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1st United States Congress

From Wikipedia, the free encyclopedia

1st United States Congress
→ 2nd

March 4, 1789 – March 3, 1791
Members22–26 senators
59–65 representatives
Senate majorityPro-Administration
Senate PresidentJohn Adams (P)
House majorityPro-Administration
House SpeakerFrederick Muhlenberg (P)
1st: March 4, 1789 – September 29, 1789
2nd: January 4, 1790 – August 12, 1790
3rd: December 6, 1790 – March 3, 1791

The 1st United States Congress, comprising the United States Senate and the United States House of Representatives, met from March 4, 1789, to March 4, 1791, during the first two years of George Washington's presidency, first at Federal Hall in New York City and later at Congress Hall in Philadelphia. With the initial meeting of the First Congress, the United States federal government officially began operations under the new (and current) frame of government established by the 1787 Constitution. The apportionment of seats in the House of Representatives was based on the provisions of Article I, Section 2, Clause 3, of the Constitution. Both chambers had a Pro-Administration majority. Twelve articles of amendment to the Constitution were passed by this Congress and sent to the states for ratification; the ten ratified as additions to the Constitution on December 15, 1791, are collectively known as the Bill of Rights, with an additional amendment ratified more than two centuries later to become the Twenty-seventh Amendment to the United States Constitution.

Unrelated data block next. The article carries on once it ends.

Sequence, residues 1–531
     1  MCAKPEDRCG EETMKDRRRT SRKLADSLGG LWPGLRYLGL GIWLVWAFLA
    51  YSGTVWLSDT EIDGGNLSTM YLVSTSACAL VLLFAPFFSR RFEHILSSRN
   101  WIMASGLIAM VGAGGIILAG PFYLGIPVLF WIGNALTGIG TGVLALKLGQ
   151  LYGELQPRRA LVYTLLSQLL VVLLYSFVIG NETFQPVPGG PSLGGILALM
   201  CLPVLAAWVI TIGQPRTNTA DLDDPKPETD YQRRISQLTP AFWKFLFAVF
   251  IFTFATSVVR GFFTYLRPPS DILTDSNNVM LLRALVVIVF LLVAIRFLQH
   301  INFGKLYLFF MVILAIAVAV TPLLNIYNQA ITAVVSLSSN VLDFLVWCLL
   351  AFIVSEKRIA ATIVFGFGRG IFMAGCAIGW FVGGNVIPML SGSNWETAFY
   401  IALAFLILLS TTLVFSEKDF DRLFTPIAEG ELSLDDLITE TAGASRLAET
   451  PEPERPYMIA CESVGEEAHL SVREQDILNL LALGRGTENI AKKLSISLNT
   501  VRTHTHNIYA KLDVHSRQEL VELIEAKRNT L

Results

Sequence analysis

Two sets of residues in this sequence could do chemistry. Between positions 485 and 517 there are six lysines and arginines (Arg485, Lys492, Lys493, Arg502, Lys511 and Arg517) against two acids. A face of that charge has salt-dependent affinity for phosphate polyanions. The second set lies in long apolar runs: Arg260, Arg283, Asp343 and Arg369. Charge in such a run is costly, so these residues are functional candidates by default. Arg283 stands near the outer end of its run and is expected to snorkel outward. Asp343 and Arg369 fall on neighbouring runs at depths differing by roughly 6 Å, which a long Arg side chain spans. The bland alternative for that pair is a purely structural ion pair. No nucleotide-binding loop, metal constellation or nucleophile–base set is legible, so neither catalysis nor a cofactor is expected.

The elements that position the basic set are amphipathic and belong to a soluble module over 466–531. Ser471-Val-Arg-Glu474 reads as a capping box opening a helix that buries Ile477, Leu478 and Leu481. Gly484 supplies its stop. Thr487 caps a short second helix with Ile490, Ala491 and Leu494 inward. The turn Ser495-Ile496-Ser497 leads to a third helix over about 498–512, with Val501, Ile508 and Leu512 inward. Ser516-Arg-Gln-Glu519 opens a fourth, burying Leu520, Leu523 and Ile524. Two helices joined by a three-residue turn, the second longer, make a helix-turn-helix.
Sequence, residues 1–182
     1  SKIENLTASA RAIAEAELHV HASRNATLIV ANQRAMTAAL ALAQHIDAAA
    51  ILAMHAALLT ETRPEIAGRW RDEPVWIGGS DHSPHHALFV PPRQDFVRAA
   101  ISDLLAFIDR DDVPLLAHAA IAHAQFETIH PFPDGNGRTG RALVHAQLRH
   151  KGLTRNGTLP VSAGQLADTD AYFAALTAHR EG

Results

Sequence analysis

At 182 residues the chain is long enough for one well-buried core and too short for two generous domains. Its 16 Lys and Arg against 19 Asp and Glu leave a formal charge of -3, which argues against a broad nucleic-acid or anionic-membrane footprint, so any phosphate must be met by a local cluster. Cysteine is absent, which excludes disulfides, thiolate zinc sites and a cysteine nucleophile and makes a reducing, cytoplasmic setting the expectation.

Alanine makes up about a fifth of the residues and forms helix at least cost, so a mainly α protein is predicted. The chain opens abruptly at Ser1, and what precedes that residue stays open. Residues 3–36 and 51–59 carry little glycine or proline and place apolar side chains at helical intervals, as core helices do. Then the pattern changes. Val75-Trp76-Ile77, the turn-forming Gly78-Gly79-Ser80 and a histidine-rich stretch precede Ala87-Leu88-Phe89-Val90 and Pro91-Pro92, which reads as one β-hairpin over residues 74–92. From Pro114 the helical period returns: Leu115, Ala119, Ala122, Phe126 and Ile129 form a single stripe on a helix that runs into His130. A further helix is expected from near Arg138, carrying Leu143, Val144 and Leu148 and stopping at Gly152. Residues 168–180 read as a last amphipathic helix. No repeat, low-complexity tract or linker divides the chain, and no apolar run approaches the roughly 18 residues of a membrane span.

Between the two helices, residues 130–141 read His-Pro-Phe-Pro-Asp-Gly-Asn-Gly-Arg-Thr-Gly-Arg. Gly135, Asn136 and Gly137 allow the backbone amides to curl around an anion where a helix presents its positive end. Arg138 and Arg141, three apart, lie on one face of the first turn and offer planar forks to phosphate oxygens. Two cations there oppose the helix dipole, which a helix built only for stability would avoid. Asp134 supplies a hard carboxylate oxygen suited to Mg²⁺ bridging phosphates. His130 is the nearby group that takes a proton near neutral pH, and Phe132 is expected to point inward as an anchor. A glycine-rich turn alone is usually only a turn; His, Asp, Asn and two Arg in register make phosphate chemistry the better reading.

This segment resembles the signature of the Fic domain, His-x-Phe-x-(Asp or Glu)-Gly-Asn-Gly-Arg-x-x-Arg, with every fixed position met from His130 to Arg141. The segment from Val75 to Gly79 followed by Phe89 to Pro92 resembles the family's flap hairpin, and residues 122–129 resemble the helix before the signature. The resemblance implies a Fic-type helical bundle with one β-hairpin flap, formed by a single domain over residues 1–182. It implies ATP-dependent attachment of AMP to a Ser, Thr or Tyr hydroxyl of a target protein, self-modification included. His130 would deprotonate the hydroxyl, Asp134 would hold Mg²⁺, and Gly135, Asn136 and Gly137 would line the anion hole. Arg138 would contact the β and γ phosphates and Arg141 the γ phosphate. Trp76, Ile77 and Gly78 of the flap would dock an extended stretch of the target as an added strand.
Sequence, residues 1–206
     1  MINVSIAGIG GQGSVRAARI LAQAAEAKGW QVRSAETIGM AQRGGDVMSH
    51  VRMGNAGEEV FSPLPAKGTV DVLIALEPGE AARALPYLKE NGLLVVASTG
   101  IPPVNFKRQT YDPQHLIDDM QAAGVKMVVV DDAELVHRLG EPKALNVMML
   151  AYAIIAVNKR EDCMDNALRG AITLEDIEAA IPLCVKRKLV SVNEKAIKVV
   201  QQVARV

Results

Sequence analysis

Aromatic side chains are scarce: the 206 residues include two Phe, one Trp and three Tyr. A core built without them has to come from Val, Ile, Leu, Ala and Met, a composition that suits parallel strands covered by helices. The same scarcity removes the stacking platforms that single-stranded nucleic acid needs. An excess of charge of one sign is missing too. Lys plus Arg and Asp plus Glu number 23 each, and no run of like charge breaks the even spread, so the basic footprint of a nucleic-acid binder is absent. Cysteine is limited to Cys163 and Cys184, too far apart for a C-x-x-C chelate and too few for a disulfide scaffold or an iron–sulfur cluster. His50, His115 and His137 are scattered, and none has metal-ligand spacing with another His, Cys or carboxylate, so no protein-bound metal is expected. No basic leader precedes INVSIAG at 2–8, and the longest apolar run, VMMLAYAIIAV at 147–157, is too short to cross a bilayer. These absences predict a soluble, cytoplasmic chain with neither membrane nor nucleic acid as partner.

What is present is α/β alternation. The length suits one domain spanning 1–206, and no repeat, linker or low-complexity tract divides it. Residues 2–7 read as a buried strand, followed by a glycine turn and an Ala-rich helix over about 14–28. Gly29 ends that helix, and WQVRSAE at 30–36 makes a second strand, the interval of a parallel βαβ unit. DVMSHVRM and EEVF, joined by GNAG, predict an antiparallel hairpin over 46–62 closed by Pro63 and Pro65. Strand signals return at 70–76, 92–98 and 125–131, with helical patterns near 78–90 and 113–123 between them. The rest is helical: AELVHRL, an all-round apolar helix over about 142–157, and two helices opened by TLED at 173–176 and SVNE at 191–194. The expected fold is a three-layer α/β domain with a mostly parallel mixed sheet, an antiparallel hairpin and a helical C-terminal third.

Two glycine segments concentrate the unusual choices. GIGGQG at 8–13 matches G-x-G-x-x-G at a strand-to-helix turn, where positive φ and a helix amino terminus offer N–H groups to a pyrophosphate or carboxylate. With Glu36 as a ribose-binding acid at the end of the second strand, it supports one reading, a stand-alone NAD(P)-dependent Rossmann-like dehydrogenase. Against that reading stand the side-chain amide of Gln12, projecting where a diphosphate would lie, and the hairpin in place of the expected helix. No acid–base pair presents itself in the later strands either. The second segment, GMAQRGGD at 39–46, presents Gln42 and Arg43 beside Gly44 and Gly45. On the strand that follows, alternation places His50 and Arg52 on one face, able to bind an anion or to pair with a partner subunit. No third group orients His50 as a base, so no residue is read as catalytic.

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It was a very tenuous time in American history. They needed to get it right very quickly in order to keep the public’s confidence in what they were doing. I’m Charlene Bickford and I direct the First Federal Congress Project at The George Washington University. The First Federal Congress Project’s goal is to publish the complete documentary record of the most important and productive Congress in United States history. They were left to create the whole federal government structure. They had to found the executive departments. They had to flesh out the judiciary of the United States. Seventeen volumes have been published and we have three that are in page proof and indexing stage. And two more to go after that. We were looking for every single piece of evidence that relates to the First Federal Congress. This is a letter from Representative Fisher Ames of Massachusetts. In this letter is commentary on the amendments that were introduced by James Madison, what we know today as the Bill of Rights. His final conclusion about the amendments introduced by James Madison: “Upon the whole it may do some good towards quieting men…and may get the mover some popularity, which he wishes.” The First Federal Congress Project got started in the 1950s with Ford Foundation grants. Primary funder is the National Historical Publications and Records Commission, the grant-making entity within the National Archives. We have collected about, I think it’s 14,000 documents in the project’s history. Gone to every repository in the country that has documents dated between 1787 and 1791. Which meant searching 93 newspapers in case some member of Congress sent a speech to his hometown paper. Over 600 petitions submitted to the First Congress. We worked with shorthand notes of debates. Every letter written to or from a member of the First Federal Congress. We’re still finding things and new collections are still opening up. The Supreme Court has used our volume called, “Creating the Bill of Rights.” And we’re providing all the evidence for people to work with long into the future.